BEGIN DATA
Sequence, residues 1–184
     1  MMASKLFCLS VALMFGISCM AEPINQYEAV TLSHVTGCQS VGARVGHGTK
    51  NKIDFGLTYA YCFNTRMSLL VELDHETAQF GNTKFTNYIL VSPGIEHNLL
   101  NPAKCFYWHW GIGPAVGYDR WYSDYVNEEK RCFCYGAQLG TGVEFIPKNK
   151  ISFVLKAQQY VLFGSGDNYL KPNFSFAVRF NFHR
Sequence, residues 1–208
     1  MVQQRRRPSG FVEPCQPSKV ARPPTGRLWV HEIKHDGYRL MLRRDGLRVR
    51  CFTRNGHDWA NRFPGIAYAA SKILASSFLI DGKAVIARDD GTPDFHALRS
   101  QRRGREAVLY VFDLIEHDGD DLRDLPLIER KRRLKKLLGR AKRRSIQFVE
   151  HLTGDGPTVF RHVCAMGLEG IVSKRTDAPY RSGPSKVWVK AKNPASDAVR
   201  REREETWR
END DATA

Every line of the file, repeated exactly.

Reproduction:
Sequence, residues 1–184
     1  MMASKLFCLS VALMFGISCM AEPINQYEAV TLSHVTGCQS VGARVGHGTK
    51  NKIDFGLTYA YCFNTRMSLL VELDHETAQF GNTKFTNYIL VSPGIEHNLL
   101  NPAKCFYWHW GIGPAVGYDR WYSDYVNEEK RCFCYGAQLG TGVEFIPKNK
   151  ISFVLKAQQY VLFGSGDNYL KPNFSFAVRF NFHR
Sequence, residues 1–208
     1  MVQQRRRPSG FVEPCQPSKV ARPPTGRLWV HEIKHDGYRL MLRRDGLRVR
    51  CFTRNGHDWA NRFPGIAYAA SKILASSFLI DGKAVIARDD GTPDFHALRS
   101  QRRGREAVLY VFDLIEHDGD DLRDLPLIER KRRLKKLLGR AKRRSIQFVE
   151  HLTGDGPTVF RHVCAMGLEG IVSKRTDAPY RSGPSKVWVK AKNPASDAVR
   201  REREETWR